Three SRH images from biopsies: lymphoma, piilocytic astrocytomas brain tumor, and front lobal lesion (from l to r). Photo: Daniel Orringer/NYU Langone Health

In a clinical trial, a team of doctors found a combination of deep-learning algorithms and laser-imaging technology was as effective as pathologists — but faster — at diagnosing brain tumors in near real time, according to a study published Monday in Nature Medicine.

Why it matters: There is a shortage of pathologists and an increase in demand, with roughly 15.2 million people diagnosed with cancer each year globally, most of whom will have surgery. In the U.S. alone, there are roughly 1.1 million biopsies annually.

  • "Surgeons can analyze tissue on a microscopic scale and use this information to guide decision-making. This is important because it means we can perform safer, more complete cancer surgeries," co-author Daniel Orringer told Axios.

The big picture: Traditional brain tumor biopsy surgery is intensive in time, resource and labor, says Orringer, who is an associate professor of neurosurgery at NYU Langone Health.

What they did: The research team developed an AI model trained on more than 2.5 million images. They combined the algorithm with a laser-based optical imaging technique called stimulated Raman histology (SRH). They tested this combination on 278 brain tumor patients at three hospitals for the 10 most common types of brain cancer.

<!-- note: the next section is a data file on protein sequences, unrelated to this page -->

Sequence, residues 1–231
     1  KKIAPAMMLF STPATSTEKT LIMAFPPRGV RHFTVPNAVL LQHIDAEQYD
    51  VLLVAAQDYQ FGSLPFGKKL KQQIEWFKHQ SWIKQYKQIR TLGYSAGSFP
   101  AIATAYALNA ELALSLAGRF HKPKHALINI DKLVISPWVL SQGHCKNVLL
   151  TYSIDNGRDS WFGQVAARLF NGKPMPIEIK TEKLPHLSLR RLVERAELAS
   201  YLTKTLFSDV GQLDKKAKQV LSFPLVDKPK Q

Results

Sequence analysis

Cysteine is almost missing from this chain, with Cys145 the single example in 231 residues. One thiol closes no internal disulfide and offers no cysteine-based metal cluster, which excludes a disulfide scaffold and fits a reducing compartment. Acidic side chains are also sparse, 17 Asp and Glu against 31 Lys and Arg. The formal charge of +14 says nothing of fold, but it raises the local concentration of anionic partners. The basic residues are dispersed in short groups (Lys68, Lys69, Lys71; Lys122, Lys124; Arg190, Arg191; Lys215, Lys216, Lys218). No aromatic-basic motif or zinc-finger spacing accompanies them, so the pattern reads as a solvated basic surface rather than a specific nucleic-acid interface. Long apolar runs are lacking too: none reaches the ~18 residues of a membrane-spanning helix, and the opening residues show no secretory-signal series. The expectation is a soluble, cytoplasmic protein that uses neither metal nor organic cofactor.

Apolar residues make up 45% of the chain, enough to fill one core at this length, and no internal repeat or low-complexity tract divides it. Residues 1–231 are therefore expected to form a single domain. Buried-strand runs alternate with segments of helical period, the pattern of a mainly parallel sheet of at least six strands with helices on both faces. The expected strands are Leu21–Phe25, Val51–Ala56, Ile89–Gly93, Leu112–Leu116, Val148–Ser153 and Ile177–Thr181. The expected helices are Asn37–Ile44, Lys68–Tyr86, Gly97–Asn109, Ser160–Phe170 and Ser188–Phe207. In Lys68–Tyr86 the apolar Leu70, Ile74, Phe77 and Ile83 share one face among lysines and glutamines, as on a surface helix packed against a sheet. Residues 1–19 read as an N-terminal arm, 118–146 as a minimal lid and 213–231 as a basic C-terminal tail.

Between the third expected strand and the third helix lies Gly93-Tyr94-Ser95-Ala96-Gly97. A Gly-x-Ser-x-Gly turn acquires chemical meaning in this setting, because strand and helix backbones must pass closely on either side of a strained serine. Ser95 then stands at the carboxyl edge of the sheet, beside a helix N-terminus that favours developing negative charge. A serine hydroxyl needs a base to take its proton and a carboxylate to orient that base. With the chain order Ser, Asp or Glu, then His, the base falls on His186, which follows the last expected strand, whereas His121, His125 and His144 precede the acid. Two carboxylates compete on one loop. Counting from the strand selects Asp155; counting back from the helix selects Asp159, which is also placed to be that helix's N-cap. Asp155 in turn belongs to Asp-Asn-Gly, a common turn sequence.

What they found: In 150 seconds, the algorithm predicted the brain tumor diagnosis with a 94.6% accuracy, compared with the 93.9% accuracy of the traditional diagnosis that generally takes 20–30 minutes.

Yes, but: The algorithm is trained to recognize the 10 most common brain tumors, which limits its value in diagnosing all types of brain tumor, Orringer adds.

  • "To address this issue, we developed a separate algorithm to determine whether a given tumor matches one of the 10 categories ... If not, it's a good signal to the clinicians that the AI may not be reliable and that they might be dealing with a rare tumor."

What they're saying: Manish Aghi, professor of neurosurgery at UC San Francisco who was not involved in the study, says it improves upon brain tumor diagnostics and could eventually help with pathology shortages.

What's next: Orringer expects further research will show the benefits of using the technology for diagnosis in multiple types of head and neck and GI tumors.

The bottom line: "The AI algorithm is not FDA approved and is not being used currently in clinical practice. Our report suggests that if it were implemented it would have great value in guiding surgical decision-making," Orringer tells Axios.

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Illustration: Sarah Grillo/Axios

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